Wednesday, October 20, 2010

2010 Election: O'Brien's transit commission

Over the course of the 2010 Mayoral Election campaign, Public Transit in Ottawa will be sitting down with as many mayoral candidates as are available, discussing their platforms and thoughts on transit in this city, and what they hope to achieve during their mandate, if elected mayor.

One of the common threads of some of the most well-known candidates in the 2010 mayoral election has been the desire to establish a transit commission to manage the day-to-day operations of OC Transpo. Incumbent Larry O'Brien is one candidate who has thrown his support behind the idea, suggesting that some councillors approach issues with too much of a ward-centric approach.
I think it’s nothing short of bizarre who are supposed to act as a board of directors are arguing over bus routes.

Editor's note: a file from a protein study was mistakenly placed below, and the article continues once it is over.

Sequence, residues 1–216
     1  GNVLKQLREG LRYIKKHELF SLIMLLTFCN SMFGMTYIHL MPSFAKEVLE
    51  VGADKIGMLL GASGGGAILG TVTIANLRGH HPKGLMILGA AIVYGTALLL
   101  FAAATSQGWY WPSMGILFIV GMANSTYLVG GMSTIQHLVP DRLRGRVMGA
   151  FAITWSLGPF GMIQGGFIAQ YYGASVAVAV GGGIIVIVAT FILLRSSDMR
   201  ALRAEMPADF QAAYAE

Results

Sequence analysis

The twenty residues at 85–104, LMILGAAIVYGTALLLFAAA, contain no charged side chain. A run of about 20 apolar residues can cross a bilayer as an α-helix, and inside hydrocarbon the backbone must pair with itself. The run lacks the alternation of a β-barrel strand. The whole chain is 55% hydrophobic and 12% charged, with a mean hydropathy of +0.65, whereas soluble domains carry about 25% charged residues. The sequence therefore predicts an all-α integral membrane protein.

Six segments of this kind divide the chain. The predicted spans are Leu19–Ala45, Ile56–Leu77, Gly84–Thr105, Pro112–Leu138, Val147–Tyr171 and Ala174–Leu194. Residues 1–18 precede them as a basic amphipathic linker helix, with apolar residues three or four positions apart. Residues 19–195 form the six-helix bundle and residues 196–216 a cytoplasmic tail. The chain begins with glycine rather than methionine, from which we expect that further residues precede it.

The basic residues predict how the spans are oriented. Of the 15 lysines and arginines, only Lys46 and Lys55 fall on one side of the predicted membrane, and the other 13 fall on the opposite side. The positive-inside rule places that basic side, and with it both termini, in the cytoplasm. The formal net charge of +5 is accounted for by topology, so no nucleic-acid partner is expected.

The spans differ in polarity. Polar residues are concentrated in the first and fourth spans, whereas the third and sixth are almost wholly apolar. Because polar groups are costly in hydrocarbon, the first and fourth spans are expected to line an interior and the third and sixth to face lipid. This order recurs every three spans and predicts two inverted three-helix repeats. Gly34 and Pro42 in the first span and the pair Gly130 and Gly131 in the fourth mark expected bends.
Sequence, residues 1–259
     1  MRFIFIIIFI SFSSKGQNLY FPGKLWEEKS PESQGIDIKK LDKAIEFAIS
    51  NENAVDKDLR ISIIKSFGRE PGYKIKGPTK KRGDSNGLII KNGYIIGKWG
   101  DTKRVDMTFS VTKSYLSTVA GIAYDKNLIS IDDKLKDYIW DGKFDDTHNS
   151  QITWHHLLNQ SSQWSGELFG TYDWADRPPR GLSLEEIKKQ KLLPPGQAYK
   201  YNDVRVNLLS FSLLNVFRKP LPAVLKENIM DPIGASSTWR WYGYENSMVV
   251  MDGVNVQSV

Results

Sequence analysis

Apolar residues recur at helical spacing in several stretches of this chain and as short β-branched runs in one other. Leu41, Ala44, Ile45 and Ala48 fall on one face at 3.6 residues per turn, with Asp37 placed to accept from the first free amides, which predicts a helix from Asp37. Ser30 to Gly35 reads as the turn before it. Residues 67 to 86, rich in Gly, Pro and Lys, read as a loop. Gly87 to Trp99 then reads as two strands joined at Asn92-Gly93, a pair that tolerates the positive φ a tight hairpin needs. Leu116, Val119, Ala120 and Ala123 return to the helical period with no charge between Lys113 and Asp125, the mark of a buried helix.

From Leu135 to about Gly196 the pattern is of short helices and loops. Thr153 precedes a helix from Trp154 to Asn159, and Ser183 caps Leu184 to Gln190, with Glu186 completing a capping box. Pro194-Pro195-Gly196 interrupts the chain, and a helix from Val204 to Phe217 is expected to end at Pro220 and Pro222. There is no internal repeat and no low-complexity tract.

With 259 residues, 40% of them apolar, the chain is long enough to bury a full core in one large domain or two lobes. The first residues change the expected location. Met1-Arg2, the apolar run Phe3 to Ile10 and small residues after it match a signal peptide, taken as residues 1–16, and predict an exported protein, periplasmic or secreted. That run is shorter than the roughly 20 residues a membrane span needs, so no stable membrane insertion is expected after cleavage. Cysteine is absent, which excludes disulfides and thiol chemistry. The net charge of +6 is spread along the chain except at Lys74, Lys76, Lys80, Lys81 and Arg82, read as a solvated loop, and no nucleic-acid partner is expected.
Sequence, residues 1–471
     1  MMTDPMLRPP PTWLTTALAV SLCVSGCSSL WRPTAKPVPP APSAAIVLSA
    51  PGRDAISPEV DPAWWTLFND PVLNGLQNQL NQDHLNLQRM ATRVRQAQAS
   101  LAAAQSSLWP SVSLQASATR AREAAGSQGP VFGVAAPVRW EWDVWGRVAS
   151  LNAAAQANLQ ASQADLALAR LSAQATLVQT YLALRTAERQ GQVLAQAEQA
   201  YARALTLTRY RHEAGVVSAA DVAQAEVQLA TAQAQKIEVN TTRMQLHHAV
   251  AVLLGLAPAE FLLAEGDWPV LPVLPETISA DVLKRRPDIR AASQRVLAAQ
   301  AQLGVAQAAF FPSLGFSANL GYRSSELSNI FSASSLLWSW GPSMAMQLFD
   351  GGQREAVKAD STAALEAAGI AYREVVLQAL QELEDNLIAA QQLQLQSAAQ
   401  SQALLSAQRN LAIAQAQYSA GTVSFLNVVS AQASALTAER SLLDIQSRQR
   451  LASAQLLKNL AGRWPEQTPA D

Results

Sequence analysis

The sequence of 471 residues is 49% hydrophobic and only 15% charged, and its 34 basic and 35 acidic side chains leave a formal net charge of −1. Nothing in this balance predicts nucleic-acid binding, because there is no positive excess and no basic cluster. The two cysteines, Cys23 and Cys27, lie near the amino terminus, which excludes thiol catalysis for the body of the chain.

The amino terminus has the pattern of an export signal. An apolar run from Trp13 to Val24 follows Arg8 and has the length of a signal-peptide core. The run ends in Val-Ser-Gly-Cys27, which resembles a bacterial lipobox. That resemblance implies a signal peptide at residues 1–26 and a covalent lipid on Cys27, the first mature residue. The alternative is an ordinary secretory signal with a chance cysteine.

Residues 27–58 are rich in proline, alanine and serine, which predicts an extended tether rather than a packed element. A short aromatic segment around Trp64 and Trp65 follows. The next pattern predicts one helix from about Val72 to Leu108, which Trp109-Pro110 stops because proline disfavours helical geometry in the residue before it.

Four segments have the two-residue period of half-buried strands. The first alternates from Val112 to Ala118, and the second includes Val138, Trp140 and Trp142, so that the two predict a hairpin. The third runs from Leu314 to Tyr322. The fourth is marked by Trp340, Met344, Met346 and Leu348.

We have things that we’re supposed to be responsible for, and one of them isn’t determining what the bus routes should be in the city of Ottawa. That’s all about service, and I think that should be far, far away from politics. That should be a decision as to how a city works well, not who’s got the best arguments for adding four routes in their ward.
Under O'Brien's model, the transit commission would have some city council presence, but would be made up mostly of independent professionals.
I think it’s primarily independent, with, just like the hydro board where we have three or four councillors on it. Instead of being on a transit committee, they could be on the transit commission. They would be our representatives on the board, and the balance of the board—the majority of the board—being outside people. Perhaps somebody from the federal government, and also people who are professionals in terms of running a transit system.

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